Early decision applicants will make up 48 percent of Duke's Class of 2020—the same proportion of students admitted through the early decision process as last year.

This Fall, 3,455 students applied to Duke early, which represents an 11 percent increase from last year and a record high for the University. Of those applicants, who will be able to view their admissions decisions at 7 p.m. Thursday, 813 will be accepted. This acceptance rate—23.5 percent—is the lowest the University has posted in the early decision process, said Dean of Undergraduate Admissions Christoph Guttentag. The early decision acceptance rates for the Class of 2019 and Class of 2018 were 26 percent and 25 percent, respectively.

“This appears to be academically the strongest group of students admitted early that we’ve had,” Guttentag said. “It’s a more diverse and more interesting group than in past years. I think it’s going to be a terrific foundation for the Class of 2020.”

He noted that students admitted through early decision were more socioeconomically diverse than in past years—48 percent of admitted students indicated they would apply for financial aid, compared to 43 percent last year.

Critics of early decision point out that because the process is binding, applicants are not able to compare financial aid packages from different schools and may be deterred from applying. Guttentag noted that although this is gradually changing, the early decision pool remains less diverse than the regular decision pool.

“That’s one of the reasons we don’t admit more students through the early decision process,” Guttentag said. “Diversity of students is incredibly important to us, and we don’t want to feel limited by having admitted too many students through the early decision process.”

In recent years, as the number of early decision candidates has grown, so has the number of students admitted. Early decision applicants made up 38 percent of the Class of 2016, 44 percent of the Class of 2017, 47 percent of the Class of 2018 and 48 percent of the Class of 2019.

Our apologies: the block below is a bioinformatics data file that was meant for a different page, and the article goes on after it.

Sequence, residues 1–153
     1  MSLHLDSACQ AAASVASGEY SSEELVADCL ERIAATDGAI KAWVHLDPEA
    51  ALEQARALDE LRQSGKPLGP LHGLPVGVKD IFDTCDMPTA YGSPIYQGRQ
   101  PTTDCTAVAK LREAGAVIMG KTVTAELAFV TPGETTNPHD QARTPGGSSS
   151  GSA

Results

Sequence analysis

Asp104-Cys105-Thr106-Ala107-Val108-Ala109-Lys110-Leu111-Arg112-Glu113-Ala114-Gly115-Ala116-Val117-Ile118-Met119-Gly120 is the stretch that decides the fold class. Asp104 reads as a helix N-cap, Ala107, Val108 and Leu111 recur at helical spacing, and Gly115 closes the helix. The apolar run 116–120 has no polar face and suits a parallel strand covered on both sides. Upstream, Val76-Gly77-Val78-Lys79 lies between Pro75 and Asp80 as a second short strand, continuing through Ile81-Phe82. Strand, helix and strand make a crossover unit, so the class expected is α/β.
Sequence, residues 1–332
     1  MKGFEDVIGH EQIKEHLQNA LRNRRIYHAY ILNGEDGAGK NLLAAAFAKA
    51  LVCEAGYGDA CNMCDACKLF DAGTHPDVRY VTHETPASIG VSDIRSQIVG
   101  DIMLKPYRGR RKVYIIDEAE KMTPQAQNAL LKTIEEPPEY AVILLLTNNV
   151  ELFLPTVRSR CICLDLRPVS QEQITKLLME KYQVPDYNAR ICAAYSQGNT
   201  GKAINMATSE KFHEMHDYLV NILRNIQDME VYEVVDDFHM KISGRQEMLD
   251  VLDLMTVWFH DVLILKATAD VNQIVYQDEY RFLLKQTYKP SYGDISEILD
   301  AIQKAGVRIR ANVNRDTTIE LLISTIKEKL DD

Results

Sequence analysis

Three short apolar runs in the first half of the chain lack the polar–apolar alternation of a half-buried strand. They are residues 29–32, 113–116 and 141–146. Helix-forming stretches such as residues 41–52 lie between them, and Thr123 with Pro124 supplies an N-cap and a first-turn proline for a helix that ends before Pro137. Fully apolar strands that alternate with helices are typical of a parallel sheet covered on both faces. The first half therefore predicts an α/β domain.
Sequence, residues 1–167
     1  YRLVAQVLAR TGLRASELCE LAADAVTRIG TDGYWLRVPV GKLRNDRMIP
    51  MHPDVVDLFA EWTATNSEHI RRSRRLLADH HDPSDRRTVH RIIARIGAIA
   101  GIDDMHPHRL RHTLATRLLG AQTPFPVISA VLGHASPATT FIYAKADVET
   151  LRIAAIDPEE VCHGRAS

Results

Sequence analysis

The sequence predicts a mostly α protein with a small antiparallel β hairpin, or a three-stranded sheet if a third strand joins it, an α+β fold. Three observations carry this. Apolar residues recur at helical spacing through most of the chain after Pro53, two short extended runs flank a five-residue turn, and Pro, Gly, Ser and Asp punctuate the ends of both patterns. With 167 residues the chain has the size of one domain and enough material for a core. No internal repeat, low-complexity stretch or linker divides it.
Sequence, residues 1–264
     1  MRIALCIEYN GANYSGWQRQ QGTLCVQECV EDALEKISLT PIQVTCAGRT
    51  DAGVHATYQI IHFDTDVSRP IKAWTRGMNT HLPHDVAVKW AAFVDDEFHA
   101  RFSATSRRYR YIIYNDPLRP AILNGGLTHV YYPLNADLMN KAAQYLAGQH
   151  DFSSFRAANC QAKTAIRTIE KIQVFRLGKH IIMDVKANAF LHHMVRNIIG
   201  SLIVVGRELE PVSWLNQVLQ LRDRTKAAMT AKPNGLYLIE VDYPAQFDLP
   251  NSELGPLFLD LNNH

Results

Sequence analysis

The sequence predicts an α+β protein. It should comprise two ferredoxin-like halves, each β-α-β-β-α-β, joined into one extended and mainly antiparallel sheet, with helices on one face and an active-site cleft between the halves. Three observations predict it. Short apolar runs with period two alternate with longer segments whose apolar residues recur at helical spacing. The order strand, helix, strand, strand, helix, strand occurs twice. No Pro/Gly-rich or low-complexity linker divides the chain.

Guttentag said that at this point, the percentage of students admitted early will likely stay near where it is.

“We think it’s appropriate to have at least half of the class or a little more chosen through the regular decision process,” he said. “Unless something significant changes, I would prefer to keep the percentage of students admitted early at or under 50 percent.”

He explained that no single factor can explain the increased number of early decision applicants, attributing it partly to a general rise in interest in the early decision process from students applying to Duke and its peer institutions.

“The admissions process in general has become more selective,” Guttentag said. “More students applying to Duke and schools like it are deciding their best chance is to apply ED. And we’re the beneficiary of it."

This year, 37 percent of those admitted early were students of color—which ties the Class of 2018 for the record. Guttentag said 66 admitted students are black, 70 are Latino/a, 158 are Asian and five are Native American. Nine percent of admitted students are international.

The states most highly represented are California, New York and North Carolina—with students from those three states making up 31 percent of the admitted applicants.

Guttentag also noted that the early acceptance rate was slightly higher for applicants to Pratt than for applicants to Trinity.